At the heart of any spiritual tradition sits a need to tend to the holy, and for spiritual guides with listening hearts. For anyone drawn to ‘tend to the holy’, learning how to recognise and respond to the nuanced moods and movements within is like learning to read a compass; and by leaning into the grace offered, we can make choices that lead to the increased freedoms that God longs for each of us to know.
As I stop to look back at my own wanderings (and wonderings) I discover that I was always being met exactly where I was by a God who even now remains both elusive yet intimately knowable, and keen to be found in the midst and mess of my ‘spiritual’ and ‘everything else’ life.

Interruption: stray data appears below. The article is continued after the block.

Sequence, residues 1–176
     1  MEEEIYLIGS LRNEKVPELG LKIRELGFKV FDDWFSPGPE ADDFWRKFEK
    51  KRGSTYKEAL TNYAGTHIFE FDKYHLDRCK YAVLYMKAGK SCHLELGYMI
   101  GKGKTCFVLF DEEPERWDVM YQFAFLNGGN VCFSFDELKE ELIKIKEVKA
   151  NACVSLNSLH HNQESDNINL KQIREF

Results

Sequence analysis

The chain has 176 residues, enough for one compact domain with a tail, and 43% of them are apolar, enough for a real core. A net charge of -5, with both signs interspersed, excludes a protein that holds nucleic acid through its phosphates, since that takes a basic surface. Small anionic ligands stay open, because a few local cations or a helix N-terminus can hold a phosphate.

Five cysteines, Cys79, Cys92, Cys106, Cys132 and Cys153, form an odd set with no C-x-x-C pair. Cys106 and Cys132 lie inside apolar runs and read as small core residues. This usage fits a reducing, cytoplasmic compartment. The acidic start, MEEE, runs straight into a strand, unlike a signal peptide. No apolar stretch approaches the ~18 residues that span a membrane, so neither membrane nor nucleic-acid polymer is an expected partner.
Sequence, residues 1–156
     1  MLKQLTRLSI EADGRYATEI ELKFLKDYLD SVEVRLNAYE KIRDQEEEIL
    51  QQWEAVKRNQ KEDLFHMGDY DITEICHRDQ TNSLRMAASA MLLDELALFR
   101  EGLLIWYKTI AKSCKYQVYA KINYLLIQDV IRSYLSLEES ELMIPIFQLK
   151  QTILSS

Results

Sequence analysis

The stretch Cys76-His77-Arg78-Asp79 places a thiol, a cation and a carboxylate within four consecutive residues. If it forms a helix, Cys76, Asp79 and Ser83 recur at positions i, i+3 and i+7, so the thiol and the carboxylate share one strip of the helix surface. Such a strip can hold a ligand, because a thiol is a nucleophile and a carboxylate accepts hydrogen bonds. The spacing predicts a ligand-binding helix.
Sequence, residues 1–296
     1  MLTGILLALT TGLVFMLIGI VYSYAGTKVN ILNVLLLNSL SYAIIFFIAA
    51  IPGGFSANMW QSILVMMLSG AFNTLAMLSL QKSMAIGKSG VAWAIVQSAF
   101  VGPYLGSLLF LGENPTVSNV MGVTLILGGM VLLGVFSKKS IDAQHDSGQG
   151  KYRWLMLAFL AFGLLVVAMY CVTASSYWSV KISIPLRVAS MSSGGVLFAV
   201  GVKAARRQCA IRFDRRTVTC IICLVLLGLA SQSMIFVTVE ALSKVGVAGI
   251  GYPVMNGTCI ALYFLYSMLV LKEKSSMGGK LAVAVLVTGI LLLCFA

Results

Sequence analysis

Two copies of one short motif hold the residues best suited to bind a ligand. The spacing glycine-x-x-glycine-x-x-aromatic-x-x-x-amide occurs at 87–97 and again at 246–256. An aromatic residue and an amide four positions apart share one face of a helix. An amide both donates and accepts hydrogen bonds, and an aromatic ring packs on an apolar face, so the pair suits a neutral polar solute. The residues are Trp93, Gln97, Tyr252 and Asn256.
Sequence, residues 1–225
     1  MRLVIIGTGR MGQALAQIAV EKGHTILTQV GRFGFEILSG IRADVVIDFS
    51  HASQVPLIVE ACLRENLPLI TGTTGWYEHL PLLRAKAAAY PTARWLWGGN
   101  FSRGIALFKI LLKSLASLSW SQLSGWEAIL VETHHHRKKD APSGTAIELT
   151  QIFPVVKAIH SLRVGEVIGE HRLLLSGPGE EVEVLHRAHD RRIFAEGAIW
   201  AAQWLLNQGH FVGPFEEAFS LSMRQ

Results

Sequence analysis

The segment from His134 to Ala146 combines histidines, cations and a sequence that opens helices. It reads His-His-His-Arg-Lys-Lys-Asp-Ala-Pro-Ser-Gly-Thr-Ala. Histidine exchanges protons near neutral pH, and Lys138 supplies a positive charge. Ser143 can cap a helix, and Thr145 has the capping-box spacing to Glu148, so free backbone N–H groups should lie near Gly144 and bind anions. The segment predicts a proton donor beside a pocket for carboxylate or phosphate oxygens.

This requires, as the Jesuit writer Pierre Teilhard de Chardin reminds me, patience and trust in the slow work of God, for we are impatient of being on the way to something unknown, and struggle to believe that God is trustworthy. My training to become a spiritual director came about in response to my own deepening trust and a desire to walk with others also on the way; a desire that grew naturally alongside my work as a specialist nurse in palliative care. I do both from a faith grounded in contemplative Christianity and am open to seeing God in all things, whatever your beliefs and wherever you are on your journey.